Session Type

Presentation

Room

PAB 150

Start Date

11-7-2013 1:30 PM

Keywords

liberal arts, curriculum, vocational training, nature and purpose of education, biochemistry

Primary Threads

Teaching and Learning Science

Abstract

One now routinely learns of a university theatre department closed here, a philosophy department closed there, of budget pressure that has forced the cancellation of this language program, or how funding cutbacks have permitted that fine arts department to continue to function, but only with sessional faculty. The sciences (of course?) have been largely spared. But how ought science faculty to respond to the philosophical questions involved in the cultural squeeze on their colleagues? Herein I argue that science faculty ought to be as outraged as they are: what is at stake is the cultural understanding of the meaning and purpose of all education. Will the university devolve into an institution whose purpose is entirely vocational in character? Probably most students already regard it as such, as do some faculty. Using examples from my own discipline – biochemistry – I develop the thesis that to increase emphasis on the epistemological, cosmological, natural historical, and humanistic elements of science disciplines is a defense of education as more-than-training, a partial corrective to the erosion of the liberal arts tradition, and, indeed, an enrichment of the science curriculum itself.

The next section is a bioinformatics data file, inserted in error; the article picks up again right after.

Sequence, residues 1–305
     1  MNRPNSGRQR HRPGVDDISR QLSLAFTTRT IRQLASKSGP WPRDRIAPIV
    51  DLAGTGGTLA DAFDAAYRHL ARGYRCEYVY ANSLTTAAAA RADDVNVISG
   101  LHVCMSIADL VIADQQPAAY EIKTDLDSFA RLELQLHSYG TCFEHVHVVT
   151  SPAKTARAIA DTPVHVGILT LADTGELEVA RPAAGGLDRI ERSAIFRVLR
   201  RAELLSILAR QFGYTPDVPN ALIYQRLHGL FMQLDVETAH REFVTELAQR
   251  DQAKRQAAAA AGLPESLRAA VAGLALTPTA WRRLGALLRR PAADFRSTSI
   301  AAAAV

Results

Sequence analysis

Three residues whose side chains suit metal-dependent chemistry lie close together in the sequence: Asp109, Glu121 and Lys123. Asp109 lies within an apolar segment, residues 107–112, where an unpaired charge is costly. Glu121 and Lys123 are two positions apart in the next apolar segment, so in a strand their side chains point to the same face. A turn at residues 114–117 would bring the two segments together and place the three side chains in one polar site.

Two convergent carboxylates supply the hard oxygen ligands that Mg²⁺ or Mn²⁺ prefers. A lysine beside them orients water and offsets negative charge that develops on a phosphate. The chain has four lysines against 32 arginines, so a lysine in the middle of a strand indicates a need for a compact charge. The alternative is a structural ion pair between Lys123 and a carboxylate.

Media Format

flash_audio


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Jul 11th, 1:30 PM

Biochemistry as a Liberal Art

PAB 150

One now routinely learns of a university theatre department closed here, a philosophy department closed there, of budget pressure that has forced the cancellation of this language program, or how funding cutbacks have permitted that fine arts department to continue to function, but only with sessional faculty. The sciences (of course?) have been largely spared. But how ought science faculty to respond to the philosophical questions involved in the cultural squeeze on their colleagues? Herein I argue that science faculty ought to be as outraged as they are: what is at stake is the cultural understanding of the meaning and purpose of all education. Will the university devolve into an institution whose purpose is entirely vocational in character? Probably most students already regard it as such, as do some faculty. Using examples from my own discipline – biochemistry – I develop the thesis that to increase emphasis on the epistemological, cosmological, natural historical, and humanistic elements of science disciplines is a defense of education as more-than-training, a partial corrective to the erosion of the liberal arts tradition, and, indeed, an enrichment of the science curriculum itself.